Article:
Tim Wigmore’s Precious Cargo project stems from his research into the historical uses and physical characteristics of our native trees and plants and his exploration of Māori myth and legend.  He says “I conceived of the Precious Cargo project as a way to celebrate our fauna which is so much a part of our cultural identity”.

 

As an artist and furniture designer, Tim Wigmore was drawn to the waka huia form.  “I see it as a uniquely New Zealand perspective on the idea of jewellery or treasure or even tool boxes. They both conceal and reveal—an idea which is also inherent in furniture design. At first, I was focused on making interesting boxes but the more I become invested in the project the more I knew I needed to have something interesting and relevant inside them, something precious.”

 

For Precious Cargo Tim approached six renowned makers and asked them identify a tool emblematic of their practice. “I wanted to collaborate with other artists and find out which tools were precious to them, which tool was worthy of its own special case.” The Precious Cargo collaborators are; carver Lyonel Grant, weaver Veranoa Hetet, wood turner Graeme Priddle, potter Chris Weaver, musician & carver Brian Flintoff and jeweller Nga Waiata.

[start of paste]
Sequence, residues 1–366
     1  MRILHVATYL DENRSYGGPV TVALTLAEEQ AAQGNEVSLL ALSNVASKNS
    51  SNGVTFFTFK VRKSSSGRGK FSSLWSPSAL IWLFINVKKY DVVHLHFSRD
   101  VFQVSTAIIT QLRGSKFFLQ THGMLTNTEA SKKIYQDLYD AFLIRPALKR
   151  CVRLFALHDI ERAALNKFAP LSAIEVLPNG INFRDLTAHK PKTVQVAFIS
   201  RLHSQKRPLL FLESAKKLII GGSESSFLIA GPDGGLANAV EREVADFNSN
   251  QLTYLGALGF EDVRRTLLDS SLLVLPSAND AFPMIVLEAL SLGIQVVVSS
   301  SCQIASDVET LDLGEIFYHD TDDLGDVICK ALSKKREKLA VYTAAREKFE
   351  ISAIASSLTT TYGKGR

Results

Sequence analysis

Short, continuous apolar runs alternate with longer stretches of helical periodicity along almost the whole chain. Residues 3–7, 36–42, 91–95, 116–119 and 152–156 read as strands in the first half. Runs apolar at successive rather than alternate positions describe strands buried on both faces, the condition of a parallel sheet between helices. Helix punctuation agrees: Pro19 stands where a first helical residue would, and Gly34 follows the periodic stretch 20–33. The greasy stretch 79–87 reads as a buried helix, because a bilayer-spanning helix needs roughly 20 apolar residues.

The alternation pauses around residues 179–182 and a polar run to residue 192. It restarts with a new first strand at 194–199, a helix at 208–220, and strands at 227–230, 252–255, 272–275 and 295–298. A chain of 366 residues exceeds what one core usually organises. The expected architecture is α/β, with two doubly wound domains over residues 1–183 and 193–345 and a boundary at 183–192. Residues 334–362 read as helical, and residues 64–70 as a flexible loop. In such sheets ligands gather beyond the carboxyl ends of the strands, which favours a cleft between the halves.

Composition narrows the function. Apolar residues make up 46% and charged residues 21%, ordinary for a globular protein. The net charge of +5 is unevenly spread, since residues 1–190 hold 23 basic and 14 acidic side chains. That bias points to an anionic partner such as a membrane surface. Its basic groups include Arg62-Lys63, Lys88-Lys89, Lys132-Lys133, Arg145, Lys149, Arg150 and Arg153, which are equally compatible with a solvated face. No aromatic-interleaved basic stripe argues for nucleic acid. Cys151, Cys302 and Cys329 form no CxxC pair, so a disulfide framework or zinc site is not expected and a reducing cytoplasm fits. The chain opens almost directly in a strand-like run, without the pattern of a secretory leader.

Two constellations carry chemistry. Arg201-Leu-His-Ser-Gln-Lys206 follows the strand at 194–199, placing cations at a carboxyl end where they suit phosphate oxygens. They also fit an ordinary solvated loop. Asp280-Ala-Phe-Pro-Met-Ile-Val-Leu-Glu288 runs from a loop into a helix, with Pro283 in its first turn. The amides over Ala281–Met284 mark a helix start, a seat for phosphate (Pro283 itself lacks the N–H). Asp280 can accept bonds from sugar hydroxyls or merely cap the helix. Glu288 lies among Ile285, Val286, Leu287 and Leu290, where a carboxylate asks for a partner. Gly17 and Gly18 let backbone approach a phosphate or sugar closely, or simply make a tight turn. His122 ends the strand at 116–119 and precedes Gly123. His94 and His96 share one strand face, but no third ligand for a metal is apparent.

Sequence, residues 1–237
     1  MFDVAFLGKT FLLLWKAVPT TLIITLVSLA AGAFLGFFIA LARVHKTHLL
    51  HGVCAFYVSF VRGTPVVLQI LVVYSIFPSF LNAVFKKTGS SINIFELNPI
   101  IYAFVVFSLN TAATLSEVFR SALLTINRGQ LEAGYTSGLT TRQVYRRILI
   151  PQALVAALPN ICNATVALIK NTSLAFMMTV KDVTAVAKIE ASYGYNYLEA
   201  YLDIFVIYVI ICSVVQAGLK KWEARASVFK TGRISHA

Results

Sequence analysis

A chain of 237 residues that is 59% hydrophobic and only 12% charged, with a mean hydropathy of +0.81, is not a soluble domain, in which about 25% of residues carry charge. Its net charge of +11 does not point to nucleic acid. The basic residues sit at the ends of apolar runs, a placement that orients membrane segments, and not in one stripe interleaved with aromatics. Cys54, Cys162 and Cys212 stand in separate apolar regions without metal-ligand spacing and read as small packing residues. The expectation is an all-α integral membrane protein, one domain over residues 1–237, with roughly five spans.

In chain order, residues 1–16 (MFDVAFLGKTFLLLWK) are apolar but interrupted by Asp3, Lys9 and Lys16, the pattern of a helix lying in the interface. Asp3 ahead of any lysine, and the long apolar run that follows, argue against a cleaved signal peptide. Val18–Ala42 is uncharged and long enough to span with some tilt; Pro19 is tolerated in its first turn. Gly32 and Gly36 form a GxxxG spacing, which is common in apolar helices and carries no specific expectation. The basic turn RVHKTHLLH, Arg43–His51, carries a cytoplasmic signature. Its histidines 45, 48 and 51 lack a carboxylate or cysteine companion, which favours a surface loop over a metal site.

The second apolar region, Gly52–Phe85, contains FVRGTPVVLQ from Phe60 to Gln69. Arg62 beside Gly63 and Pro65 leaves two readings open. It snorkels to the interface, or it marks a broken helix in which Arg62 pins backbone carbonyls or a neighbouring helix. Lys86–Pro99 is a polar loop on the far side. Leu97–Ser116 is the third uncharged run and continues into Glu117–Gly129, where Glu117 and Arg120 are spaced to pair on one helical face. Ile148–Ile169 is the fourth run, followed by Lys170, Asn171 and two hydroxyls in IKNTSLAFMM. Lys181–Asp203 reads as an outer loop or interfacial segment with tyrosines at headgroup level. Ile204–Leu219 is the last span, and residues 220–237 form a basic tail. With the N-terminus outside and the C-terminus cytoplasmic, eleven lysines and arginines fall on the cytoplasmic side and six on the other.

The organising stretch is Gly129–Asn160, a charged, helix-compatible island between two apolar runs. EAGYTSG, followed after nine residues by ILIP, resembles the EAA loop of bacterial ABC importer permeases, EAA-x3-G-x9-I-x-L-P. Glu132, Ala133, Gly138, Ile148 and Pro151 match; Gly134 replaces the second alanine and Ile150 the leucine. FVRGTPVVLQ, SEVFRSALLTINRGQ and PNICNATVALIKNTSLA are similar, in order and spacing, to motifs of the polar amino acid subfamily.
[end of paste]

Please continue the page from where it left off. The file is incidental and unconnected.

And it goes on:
Wigmore then designed and made a cabinet for each of these six tools, predominantly constructed from the same plant material as the tool. Each cabinet, in its design and finish, explores unique aspects of the history, properties and stories of its particular material. “I intend for audiences to make connections between the works and the concepts that have generated them. In some cases, the links will be obvious, in others the links are more esoteric allowing for contemplation and some elements of mystery”.

 

For over a decade, Wigmore’s practice as a designer has demonstrated  a consistent interest in exploring the properties of new and known materials in order to create objects, that in their design, make evident those properties.Precious Cargo demonstrates how the acquired and inherited material knowledge and expertise of leading makers, gathered from their disparate making traditions, transcends those differences.  And how that expertise can be harmonised in the creation of new works that share the inheritance of multiple making traditions. 

 

Tim Wigmore acknowledges the assistance of Creative New Zealand with Precious Cargo

Tim Wigmore, Pohutukawa and Rope Cabinet, 2012.

Tim Wigmore, Flax Stalk and Steel Cabinet, 2012.